The ‘(in)convenience’ of baby walkers

Accidents do not just happen; they are caused, either by man's act of commission or omission ~ Ernest Greenwood (paraphrased)

Baby walkers have come in very handy to a good number of parents in the past and even now. I guess some of us also used them as babies. I have heard concerns about the dangers of these baby walkers lately, and thought to do a bit more research on them. So I bring you my findings J:

I will begin with the advantages:
  • Baby walkers have toys that provide entertainment to babies. And because babies love these toys, they are kept engaged / focused for a while. Some parents /caregivers use this as a form of babysitting while they 'quickly' attend to other things. 
  • It is also ‘believed’ that baby walkers help children maintain balance as they learn to take their first steps.
Then the disadvantages:
  • Babies are active and so eager to move about, and walkers enable them to do so very easily. Studies show that many babies will not try to crawl or scoot around when they are constantly in walkers; this may cause them to miss an important part of stamina development. In essence, health professionals believe that using walkers stunts muscle growth and coordination, and slows down baby's development.
  • Accidents could result from walkers tipping over when they bump into an obstruction or fall down stairs, or when babies try to reach out to grab objects. Due to concerns about these injuries, Canada banned the sale of baby walkers since 2004 (there is a fine of up to $100,000 or a 6-month jail term for offenders).

Now my opinion:
I am more inclined to agree with the studies showing they are not very safe.  In the absence of statistics in Nigeria, it is difficult to discount the fact that among baby products, baby walkers have been a major cause of injury for babies in the US. Although I would say caregivers not paying attention to babies play a major role here.

There is also the issue of the walkers slowing development; but then again one could argue that many kids (including a lot of us reading this) have turned out well despite using the walkers.Things are changing a lot these days, and we are starting to become aware of the dangers of these products that we grew up using and trusting.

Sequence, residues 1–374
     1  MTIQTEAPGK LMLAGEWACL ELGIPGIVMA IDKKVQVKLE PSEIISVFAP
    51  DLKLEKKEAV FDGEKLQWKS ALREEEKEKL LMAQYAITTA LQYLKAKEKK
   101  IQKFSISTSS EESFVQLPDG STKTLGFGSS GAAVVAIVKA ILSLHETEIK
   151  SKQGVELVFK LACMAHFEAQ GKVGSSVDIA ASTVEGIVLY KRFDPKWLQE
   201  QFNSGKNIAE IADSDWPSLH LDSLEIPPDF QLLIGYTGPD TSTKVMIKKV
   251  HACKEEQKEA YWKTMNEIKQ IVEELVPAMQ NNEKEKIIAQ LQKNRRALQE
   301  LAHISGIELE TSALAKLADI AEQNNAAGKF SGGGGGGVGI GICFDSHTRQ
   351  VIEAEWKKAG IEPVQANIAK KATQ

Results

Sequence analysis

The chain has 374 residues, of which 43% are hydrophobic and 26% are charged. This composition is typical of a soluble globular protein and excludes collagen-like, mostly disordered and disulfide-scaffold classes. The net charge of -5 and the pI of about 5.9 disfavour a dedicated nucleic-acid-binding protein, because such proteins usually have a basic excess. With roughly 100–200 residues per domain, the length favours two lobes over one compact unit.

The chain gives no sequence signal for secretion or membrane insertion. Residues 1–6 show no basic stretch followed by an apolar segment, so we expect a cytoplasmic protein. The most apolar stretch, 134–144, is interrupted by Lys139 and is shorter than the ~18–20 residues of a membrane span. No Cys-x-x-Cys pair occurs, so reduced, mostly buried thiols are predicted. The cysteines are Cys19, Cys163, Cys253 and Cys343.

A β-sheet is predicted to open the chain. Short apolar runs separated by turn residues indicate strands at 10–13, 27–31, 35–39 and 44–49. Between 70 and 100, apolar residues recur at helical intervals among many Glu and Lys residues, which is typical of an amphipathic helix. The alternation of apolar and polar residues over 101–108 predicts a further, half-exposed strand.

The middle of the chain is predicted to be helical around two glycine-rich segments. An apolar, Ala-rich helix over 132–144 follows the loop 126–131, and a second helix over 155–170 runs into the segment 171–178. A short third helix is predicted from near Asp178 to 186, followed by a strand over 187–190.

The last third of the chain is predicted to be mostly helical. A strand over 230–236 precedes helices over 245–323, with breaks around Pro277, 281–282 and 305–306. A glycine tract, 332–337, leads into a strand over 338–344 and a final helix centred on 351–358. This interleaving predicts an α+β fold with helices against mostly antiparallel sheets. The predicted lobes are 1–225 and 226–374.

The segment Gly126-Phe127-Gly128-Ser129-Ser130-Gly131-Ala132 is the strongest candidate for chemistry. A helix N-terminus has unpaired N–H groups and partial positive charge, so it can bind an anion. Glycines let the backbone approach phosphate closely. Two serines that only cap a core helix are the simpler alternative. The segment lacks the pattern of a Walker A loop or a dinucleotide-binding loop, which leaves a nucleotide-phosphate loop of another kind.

If you are currently using walkers or must use walkers however, please bear the following in mind:
  • Use walkers that have a wider base and braking system (most modern walkers come with this now, but please look out for them). The wide base prevents babies from being able to push the walkers through most standard doorways, and limits their ability to reach and grab on to objects that should be out of their reach. The brakes help prevent tipping over when they hit a toy or other objects;
  • Limit the amount of time your child spends in walkers, so they can get to develop their stamina through other activities like learning to crawl etc. I think the greater danger here however is not just in using the walker, but letting your child stay in one position for a long time. It will be just as bad if the child spent the entire time on their backs in a cot or in a car seat.
  • Most importantly, remember that paying attention to your baby is very important, so try not to use the baby walkers as babysitters while your attention is turned on to something else. Injuries (from falling off stairs or tipping over) can still occur whether babies are in a walker or not if they are not being monitored.
Like I said in an earlier post, understand what your parenting style is, and what works for you. Many things in walker designs have changed to reduce their risks, but it is still up to the parent to decide whether they need to use it or not.

In concluding, ask yourself if the benefits from using baby walkers outweigh the potential dangers that could arise from their use? 
Please share your comments

The Baby Analyst. J

Not a doctor, just a financial analyst who loves kids


lynn Davies said…
Wow...who would have thought, yet again; everything come with its advantages and disadvantages but I would never have thought of it slowing down muscle development. That rules out walkers for me. Thanks TBA
True Lynn. We are starting to be aware of a lot of things we didn't know hitherto.
Thanks for your comment.

Popular posts from this blog

Hospital visits and safety

Thinking about daycare? Tips on what to look out for - Part I

Do they really have to hug or kiss?